Flee  Review: A Gripping Tale of the Pursuit to Find a Home
Animated films usually get into the limelight, on such a large scale, if they are entertainers. Producers usually make them help children watch what they want and prove that stories have happy endings with the bad side losing. Flee (Flugt) has a happy ending, but it isn’t all a bed of roses. Flee is a harrowing tale written by Jonas Porer Rasmussen and Amin Nawabi. It focuses on a family’s escape from an Asian country in the late 1980s.
This is the last sort of tale that anyone would expect in an animated format, but it has happened; a story inspired by true events has broken ground.
Often, we get told about the difference between a house and a home. In Flee, we get to see this right at the start as this interview-like documentary animated film focuses on the protagonist’s definition of home and his gripping tale of the pursuit to find another one.
He says, “Home, it’s someplace safe. Somewhere you know you can stay and don’t have to move on. It’s not someplace temporary.”
These points are driven home throughout the 88-minute run time in Denmark’s official entry for Best International Film at the 94th Academy Awards. The story jumps between the protagonist’s time in Denmark and his time in Asia before making a not so straight journey laced with perilous obstacles. We get to see the home, which shows us the safety and comfort he is aware of, something that is soon to become a distant memory. And later, we get to see the houses the family stays at, temporarily, unsafe places with unsafe localities that they get thrust into.
The expectation of using footage and/or black and white to tell such a story was shunned, with animation serving as a medium for Flee (Flugt). This ensured that the content didn’t prove to be a turnoff for audiences. There were a few stills that were quite painful to look at, and those made my stomach turn.
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With the animation, director Jonas Porer Rasmussen was able to recreate real-life locations and as many faces as possible from his protagonist’s input. It lent authenticity to Flee, as many names had to be hidden/altered. We get to know why this creative decision got taken, which only enhanced the struggle of individuals who are compelled to leave their home in search of another.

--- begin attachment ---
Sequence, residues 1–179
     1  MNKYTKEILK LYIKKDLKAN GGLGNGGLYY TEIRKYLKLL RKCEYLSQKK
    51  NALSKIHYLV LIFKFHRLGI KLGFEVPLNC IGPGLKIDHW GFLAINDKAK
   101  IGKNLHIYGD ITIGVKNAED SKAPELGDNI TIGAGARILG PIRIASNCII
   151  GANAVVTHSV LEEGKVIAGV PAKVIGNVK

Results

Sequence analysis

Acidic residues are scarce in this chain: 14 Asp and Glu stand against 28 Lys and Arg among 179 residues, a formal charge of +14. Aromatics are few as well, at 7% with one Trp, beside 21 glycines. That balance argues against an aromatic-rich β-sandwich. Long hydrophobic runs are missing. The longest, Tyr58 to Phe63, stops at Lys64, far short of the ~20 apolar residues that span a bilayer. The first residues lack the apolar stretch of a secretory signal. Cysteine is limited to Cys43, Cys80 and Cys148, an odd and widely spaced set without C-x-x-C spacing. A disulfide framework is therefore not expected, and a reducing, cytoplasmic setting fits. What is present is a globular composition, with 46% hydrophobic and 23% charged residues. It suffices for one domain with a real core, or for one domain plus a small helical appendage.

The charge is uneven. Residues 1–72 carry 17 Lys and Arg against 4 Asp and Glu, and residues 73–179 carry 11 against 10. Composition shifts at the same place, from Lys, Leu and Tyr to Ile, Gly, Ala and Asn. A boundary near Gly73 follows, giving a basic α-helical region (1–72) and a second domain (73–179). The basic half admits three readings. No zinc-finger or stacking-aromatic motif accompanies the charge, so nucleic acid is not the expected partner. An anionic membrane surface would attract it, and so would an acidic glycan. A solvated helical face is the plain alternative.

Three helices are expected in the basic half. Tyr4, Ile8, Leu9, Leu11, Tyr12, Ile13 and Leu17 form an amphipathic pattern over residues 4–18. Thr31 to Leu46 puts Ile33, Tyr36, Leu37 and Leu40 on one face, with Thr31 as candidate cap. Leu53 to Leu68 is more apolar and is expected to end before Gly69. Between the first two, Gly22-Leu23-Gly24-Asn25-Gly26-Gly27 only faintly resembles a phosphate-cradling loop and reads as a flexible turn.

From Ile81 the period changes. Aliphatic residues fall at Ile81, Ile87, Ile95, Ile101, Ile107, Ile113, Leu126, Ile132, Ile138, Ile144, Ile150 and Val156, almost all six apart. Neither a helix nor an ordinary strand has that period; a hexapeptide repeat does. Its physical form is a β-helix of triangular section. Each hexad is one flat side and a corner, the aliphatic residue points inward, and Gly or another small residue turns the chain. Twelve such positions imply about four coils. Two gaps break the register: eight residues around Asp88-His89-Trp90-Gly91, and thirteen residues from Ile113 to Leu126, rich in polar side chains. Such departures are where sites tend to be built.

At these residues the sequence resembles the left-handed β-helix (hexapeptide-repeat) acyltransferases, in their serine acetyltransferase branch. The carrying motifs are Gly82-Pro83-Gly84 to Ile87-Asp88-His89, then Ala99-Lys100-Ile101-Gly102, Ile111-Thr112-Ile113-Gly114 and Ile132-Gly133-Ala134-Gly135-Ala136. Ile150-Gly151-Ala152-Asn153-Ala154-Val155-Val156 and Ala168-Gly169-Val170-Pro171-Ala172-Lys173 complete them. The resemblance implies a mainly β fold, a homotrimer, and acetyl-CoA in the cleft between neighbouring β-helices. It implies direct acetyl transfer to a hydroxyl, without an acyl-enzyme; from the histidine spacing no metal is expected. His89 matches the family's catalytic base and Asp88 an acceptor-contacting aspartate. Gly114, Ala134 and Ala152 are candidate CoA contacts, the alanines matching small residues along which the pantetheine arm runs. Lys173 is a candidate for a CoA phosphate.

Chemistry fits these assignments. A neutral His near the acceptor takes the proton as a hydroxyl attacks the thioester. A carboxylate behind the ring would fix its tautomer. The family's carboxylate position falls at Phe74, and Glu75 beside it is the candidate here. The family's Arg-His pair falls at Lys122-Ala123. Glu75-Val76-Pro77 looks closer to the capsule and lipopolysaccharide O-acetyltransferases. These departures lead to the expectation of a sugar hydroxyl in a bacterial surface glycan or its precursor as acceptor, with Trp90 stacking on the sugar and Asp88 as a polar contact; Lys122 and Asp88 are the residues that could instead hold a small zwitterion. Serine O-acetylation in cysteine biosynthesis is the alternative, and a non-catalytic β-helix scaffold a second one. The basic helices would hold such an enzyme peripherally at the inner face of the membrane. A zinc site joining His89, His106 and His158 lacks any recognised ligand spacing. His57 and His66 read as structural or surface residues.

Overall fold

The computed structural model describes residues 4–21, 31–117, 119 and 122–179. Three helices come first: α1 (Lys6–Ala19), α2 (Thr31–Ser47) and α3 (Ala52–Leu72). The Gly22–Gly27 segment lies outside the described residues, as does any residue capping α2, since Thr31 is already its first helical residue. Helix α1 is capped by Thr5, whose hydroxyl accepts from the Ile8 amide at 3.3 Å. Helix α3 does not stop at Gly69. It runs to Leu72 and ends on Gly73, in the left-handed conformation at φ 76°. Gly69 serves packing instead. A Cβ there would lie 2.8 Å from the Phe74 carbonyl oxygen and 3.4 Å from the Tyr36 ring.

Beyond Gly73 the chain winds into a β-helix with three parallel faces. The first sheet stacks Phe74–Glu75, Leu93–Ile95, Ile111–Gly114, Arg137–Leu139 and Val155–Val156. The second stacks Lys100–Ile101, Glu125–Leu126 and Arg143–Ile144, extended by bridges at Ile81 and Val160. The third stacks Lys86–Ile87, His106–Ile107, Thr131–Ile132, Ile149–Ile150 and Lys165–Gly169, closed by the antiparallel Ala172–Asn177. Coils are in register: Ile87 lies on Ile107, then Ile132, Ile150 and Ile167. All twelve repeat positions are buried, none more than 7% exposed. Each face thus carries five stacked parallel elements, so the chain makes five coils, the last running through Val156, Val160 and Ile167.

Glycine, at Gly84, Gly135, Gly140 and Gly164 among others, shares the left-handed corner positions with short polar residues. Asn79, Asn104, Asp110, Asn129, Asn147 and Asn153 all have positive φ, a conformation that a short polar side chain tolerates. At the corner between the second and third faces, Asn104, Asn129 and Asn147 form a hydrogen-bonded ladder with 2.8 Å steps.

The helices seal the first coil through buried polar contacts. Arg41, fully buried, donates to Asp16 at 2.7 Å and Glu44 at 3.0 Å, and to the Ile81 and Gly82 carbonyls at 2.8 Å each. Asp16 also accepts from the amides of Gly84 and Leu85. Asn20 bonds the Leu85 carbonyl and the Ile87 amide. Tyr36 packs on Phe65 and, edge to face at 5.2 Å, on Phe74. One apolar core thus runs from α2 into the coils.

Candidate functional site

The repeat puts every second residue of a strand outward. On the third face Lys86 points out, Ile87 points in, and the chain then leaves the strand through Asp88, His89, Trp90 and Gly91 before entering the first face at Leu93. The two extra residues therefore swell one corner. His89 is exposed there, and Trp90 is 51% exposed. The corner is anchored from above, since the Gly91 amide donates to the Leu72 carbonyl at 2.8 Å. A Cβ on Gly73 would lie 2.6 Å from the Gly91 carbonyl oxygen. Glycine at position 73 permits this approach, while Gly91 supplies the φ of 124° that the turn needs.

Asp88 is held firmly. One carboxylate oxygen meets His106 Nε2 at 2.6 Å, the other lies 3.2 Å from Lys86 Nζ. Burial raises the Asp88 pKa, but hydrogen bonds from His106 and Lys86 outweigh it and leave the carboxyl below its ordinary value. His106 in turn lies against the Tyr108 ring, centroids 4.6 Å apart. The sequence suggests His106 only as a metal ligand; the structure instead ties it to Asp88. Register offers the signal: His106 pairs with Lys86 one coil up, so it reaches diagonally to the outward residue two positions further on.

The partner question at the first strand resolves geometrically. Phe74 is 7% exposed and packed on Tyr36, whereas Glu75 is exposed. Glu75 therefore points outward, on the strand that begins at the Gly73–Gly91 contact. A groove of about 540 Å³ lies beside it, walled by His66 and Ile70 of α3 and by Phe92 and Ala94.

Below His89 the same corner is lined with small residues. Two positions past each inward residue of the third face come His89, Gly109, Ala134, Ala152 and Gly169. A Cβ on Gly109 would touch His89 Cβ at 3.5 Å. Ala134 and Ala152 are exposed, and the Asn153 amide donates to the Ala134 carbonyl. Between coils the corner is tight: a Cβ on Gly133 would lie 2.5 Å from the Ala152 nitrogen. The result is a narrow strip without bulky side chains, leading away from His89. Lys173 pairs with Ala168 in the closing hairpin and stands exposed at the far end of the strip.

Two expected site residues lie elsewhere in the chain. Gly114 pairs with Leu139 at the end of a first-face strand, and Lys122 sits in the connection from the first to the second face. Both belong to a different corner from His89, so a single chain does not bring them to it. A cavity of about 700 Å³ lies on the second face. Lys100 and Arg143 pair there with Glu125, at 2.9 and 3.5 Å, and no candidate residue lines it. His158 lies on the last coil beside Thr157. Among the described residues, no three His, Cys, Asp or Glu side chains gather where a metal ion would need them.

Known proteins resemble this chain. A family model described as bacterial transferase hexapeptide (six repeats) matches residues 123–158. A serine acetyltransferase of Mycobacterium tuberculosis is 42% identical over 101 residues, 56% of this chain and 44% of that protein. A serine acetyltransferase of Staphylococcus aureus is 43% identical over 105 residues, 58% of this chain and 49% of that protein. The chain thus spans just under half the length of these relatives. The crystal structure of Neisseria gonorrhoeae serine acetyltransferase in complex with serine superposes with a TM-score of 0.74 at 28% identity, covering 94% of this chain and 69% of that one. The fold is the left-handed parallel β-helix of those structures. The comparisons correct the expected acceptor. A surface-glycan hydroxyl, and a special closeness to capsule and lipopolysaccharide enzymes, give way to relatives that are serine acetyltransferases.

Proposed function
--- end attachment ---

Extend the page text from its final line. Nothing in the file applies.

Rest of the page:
The animation helped ensure that the audience kept watching, and while watching the director and the writer ensured that the film’s tension and the gripping story of each character (one family was in focus but everyone passing through would have had a similar story) remained the prime focus. That was the aim. We had to feel the pain, the fear, the claustrophobia, the temporary feeling of hope, only to have it snatched away. Hope is indeed a dangerous thing.
Uno Helmersson’s score worked best for me to build on the feeling of hopelessness. This, in turn, led to the trials and tribulations of the protagonist getting enhanced way more.
Sensory alert remained on a high, and we get to see why that happens. Amin Nawabi even lets the world get an understanding of why such stories are suppressed and why certain things remain a blur. Besides losing a grip on reality and lacking trust, Flee is a reminder that none can flee from their past even if they forget bits of it and where they come from. It is a symptom of the journey.
The timeliness of Flee could help it really gain traction at the Oscars, and attention from the world. Although the people in Flee fled over three decades back, the story of refugees fleeing their homes and heading to houses elsewhere will be known to many.
These individuals’ not so straightforward journeys can put the spotlight on the millions who land upon seashores. They did not just climb aboard a boat and cruise along the water. Their quest to find a home went through many houses, but akin to the protagonist of Flee, they all weren’t successful. The scene at the border crossing may be true, as it is highly unlikely that the writer would have thrown that in for dramatic effect.